N.S. increasing funding for OD antidote, clean needles for opioid users
HALIFAX -- Nova Scotia is taking initial steps to head off a British Columbia-style epidemic of fentanyl overdose deaths.
The province's chief medical officer of health said $1.1 million will be spent to distribute about 5,000 free kits with naloxone -- an antidote for opioid overdoses -- through police, jails, and community pharmacies.
"It's critical we have these in place as we're faced with increasing amounts of fentanyl and other synthetic opioids on our streets," said Dr. Robert Strang Friday.
He said making the naloxone available is part of "the first important steps in a long journey" that is likely to see yet more fentanyl flood into the drug distribution networks of the East Coast province.
About 60 people died last year from opioid overdoses in Nova Scotia, including four who were killed by illicit fentanyl.
Since several pilot projects with naloxone were started last year, health officials estimate the drug has saved about 30 people from dying from opioid drug overdoses.
Strang said $564,000 of the total spending will extend the availability of naloxone into community pharmacies and harm reduction clinics in Sydney, Truro and Halifax.
Three community-based organizations that distribute needles and information to addicts will receive the remaining money. A total of $160,000 will go to Northern Health Connections in Truro; $247,000 for Mainline Needle Exchange in Halifax; and $152,000 to Sharp Advice Needle Exchange in Sydney.
"I'm up in the clouds. This news was so welcome," said Diane Bailey, executive director of Mainline Needle Exchange, who attended the announcement.
Bailey said some clients are telling her they're using fentanyl, while others that they've seen it around the streets.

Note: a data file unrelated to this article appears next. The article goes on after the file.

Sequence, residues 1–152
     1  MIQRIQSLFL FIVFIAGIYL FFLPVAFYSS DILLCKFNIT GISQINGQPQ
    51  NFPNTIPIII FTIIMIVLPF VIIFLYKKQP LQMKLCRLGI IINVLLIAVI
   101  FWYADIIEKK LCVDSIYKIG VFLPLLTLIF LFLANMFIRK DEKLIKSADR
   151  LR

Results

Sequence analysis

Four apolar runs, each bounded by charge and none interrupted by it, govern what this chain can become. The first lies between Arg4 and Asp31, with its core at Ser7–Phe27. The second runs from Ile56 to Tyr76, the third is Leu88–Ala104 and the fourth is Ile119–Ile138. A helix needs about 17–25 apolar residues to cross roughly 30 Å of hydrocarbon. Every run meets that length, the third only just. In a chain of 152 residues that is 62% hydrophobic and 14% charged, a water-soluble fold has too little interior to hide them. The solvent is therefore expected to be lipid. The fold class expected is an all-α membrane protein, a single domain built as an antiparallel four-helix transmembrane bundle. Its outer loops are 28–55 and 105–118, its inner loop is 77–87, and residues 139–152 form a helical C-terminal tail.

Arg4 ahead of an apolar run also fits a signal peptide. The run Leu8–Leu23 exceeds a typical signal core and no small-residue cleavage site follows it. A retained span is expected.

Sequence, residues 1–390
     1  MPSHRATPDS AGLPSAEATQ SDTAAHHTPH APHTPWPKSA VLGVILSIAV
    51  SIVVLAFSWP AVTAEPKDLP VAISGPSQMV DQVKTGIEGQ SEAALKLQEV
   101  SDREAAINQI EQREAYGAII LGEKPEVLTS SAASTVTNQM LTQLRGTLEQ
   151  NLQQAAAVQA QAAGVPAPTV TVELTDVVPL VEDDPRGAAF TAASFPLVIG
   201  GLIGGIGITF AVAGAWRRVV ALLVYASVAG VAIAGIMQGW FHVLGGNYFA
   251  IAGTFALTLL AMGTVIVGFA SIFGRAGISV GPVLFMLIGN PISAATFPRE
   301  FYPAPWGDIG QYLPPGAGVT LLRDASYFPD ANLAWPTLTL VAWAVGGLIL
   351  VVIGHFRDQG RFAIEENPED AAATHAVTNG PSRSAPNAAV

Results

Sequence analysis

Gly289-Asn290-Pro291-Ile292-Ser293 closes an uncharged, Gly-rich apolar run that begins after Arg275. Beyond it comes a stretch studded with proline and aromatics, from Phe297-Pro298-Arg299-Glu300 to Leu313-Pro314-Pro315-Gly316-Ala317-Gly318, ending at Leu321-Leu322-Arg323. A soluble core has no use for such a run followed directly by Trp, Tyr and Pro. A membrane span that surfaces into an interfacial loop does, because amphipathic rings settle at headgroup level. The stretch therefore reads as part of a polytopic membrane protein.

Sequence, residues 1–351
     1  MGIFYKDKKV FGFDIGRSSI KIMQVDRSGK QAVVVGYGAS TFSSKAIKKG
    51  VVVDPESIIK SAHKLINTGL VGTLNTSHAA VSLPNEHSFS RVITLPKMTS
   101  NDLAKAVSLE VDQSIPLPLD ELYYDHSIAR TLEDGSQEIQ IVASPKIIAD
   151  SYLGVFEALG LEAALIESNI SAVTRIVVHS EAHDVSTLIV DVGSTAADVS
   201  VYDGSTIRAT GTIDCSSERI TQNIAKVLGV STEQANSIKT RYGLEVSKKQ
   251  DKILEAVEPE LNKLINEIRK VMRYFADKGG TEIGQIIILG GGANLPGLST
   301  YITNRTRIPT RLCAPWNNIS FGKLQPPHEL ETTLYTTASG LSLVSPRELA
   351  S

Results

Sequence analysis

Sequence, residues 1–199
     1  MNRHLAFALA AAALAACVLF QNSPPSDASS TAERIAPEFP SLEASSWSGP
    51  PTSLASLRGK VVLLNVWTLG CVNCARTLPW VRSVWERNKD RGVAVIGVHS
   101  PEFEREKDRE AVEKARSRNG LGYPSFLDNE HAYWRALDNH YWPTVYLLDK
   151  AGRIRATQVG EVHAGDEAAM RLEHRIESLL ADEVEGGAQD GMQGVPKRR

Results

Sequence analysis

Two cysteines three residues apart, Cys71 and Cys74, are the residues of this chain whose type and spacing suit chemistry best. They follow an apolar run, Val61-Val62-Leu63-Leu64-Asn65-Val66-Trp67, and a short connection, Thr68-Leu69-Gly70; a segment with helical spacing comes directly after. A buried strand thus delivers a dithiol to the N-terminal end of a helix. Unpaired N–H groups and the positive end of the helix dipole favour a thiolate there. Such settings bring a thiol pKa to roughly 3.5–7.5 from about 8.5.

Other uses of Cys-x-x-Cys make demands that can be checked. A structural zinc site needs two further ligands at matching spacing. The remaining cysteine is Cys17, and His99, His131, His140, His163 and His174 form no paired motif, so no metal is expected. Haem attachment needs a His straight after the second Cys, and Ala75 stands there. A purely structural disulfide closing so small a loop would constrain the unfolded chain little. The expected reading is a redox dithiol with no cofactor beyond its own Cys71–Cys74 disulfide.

She said her agency's site will be able to extend the reach and hours of its mobile clinics, as well as the amount of time it spends in rural areas.
"Our next step is to train our outreach staff to be trainers, to provide overdose prevention, education ... so we can distribute naloxone to people who use our service," she said.
Fentanyl has the potential to kill a wide cross section of users, including those who consume it accidentally when it is mixed in with other opioids such as crack cocaine.
"This is not just about people who are established opioid drug users. It could be even a young person in school who is a first time drug user," said Strang.
The public health physician said the funding is an "immediate response," while a wider plan that a task force is working on should be ready in a few weeks.
Strang also said an assessment is currently being carried out to consider whether to set up a supervised, safe-injection site in the province.
"So when you talk about a safe consumption site ... we're in the process of working through that, and we haven't made an application (to the federal government)," he said.
Another area under consideration by the task force Strang is co-chairing is how to reduce the practice of many doctors of prescribing high levels of prescription opioids for pain relief.
Figures provided to The Canadian Press indicate that last year 2,246 Nova Scotians received big-dose prescriptions of highly addictive painkillers, though about one fifth of those were cancer patients who may need larger dosages for end-of-life care.
These are dosages of opioids equivalent to about 200 milligrams or more per day of morphine -- enough to cause a fatal overdose to a newcomer to the drug.
Dr. Gus Grant, the registrar of the province's College of Physicians and Surgeons, has said the figures indicate a large cohort of patients are being maintained on dosages of medicine that aren't supported by medical evidence and exposes them to health risks exceeding the benefits.
The Nova Scotia college has adopted as "best practice" a guideline from the U.S.-based Centers for Disease Control and Prevention to avoid doses in excess of 90 milligrams.
Every six months, physicians with the highest risk profiles are contacted and given a detailed description of their prescribing habits. They are also given resources to assist them in considering their prescribing practices.
However, the college hasn't decided to set firm standards for doctors prescribing the opioids, as now exist in British Columbia.
A spokesperson from the college was unavailable for comment Friday, while Strang said the matter is being considered, without a definite date for action.
"It's more complex than setting a hard, rigid rule. We need to walk through it carefully," said Strang.